In the Middle East, the military ouster evoked deep sensitivities, largely rooted in the region's perennial political conflict between secularism and Islam, and in an ambivalent view of military power as both a stabilizing force and a usurper of democracy.
In Turkey, which has a long history of military intervention in political life and whose government is Islamist-led, Foreign Minister Ahmet Davutoglu said on Thursday that the generals' action in Cairo was a "military coup" and "unacceptable."
President Mahmoud Abbas of the Palestinian Authority, by contrast, sent official congratulations to Adli Mansour, Egypt's interim president, on what he called "this transitional phase of its history," according to Wafa, the official Palestinian news agency.
"We ask God to help you to take this difficult responsibility at this critical period, to achieve the hopes of the Egyptian people in freedom, dignity and stability," said Mr. Abbas, who praised the role of Egypt's army in preserving Egyptian security.
Mr. Morsi and his Muslim Brotherhood were strong backers of Hamas, the militant Palestinian faction that rules the Gaza Strip and is the main rival to Mr. Abbas's Fatah Party. The change of stewardship in Egypt could thus strengthen Mr. Abbas's hand in the continuing efforts to reconcile the deep rift between Hamas and Fatah.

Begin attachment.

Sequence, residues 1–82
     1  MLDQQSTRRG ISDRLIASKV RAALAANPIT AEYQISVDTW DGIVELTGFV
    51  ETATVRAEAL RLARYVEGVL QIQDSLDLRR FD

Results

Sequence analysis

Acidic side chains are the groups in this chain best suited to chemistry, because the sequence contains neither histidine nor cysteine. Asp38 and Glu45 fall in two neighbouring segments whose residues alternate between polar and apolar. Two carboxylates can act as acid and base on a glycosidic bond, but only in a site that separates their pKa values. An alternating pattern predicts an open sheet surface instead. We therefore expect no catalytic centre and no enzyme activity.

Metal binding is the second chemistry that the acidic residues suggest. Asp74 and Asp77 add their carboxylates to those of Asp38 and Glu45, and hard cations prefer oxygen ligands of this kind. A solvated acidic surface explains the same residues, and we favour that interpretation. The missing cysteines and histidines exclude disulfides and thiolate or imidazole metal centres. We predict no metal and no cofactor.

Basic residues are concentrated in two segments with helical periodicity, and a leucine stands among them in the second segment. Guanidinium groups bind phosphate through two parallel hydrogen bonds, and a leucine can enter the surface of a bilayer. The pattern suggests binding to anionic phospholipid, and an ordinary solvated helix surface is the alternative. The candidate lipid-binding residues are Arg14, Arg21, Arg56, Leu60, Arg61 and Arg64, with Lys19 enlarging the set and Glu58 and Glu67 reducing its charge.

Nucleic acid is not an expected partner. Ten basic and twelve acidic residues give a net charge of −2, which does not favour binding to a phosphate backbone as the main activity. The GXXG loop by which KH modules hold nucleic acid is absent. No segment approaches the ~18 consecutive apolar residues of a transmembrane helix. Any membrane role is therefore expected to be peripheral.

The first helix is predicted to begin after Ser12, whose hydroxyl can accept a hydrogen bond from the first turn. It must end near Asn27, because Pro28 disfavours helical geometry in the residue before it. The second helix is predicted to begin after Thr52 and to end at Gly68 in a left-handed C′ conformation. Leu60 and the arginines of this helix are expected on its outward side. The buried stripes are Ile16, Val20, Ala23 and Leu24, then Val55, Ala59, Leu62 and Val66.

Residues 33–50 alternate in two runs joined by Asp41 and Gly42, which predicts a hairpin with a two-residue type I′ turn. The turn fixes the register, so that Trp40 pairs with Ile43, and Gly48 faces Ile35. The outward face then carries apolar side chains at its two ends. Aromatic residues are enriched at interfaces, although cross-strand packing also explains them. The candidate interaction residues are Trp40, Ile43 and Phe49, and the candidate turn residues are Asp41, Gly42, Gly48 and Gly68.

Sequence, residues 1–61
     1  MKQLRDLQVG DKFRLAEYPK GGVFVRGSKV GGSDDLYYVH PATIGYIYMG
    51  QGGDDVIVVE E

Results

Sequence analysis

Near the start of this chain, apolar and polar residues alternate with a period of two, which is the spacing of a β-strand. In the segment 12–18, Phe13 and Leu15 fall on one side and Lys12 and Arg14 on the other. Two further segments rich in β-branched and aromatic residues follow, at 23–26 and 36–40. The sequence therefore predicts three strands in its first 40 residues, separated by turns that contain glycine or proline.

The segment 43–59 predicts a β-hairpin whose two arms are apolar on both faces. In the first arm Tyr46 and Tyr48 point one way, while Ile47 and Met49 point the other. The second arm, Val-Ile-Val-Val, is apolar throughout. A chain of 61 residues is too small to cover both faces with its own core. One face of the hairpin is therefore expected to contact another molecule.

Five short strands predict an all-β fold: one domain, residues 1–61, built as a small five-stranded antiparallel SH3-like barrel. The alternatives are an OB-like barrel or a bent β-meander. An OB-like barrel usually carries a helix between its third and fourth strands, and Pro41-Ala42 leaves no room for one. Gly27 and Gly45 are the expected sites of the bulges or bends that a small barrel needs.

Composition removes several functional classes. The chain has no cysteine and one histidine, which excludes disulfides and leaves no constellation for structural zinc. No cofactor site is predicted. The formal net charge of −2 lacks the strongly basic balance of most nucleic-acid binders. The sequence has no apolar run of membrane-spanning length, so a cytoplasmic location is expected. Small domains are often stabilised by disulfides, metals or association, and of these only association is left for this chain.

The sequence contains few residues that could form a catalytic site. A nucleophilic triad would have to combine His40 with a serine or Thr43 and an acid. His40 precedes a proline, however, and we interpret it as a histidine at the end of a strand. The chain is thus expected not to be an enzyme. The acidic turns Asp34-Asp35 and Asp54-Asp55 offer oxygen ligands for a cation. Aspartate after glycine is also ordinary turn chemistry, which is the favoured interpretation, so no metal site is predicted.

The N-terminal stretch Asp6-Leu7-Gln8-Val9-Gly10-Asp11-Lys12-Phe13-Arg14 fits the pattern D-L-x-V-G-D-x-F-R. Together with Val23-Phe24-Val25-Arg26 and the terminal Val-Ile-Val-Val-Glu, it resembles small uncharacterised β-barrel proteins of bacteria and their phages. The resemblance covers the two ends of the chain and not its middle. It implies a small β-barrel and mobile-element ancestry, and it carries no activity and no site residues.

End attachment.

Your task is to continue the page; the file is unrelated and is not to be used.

One Hamas leader, Ahmad Yousef, said the movement did "not fear the fall" of Mr. Morsi but was concerned only "about stability regardless of who is in charge."
"We fear the dramatic changes that could cause things to go out of hand and lead to bloodshed," Mr. Yousef was quoted as saying by Ma'an, a Palestinian news site. "Egypt is a lifeline to us; it's a major factor in the stability of the internal Palestinian situation -- it is our backbone."
Israel, which has a longstanding peace treaty with Egypt that President Morsi had promised to uphold, did not issue any public statements or brief reporters. Israeli analysts were watching warily, having seen the rise of the Islamists next door as troublesome but viewing the likely instability of the coming months as potentially more problematic, particularly with regard to potential terrorism in the Sinai Desert.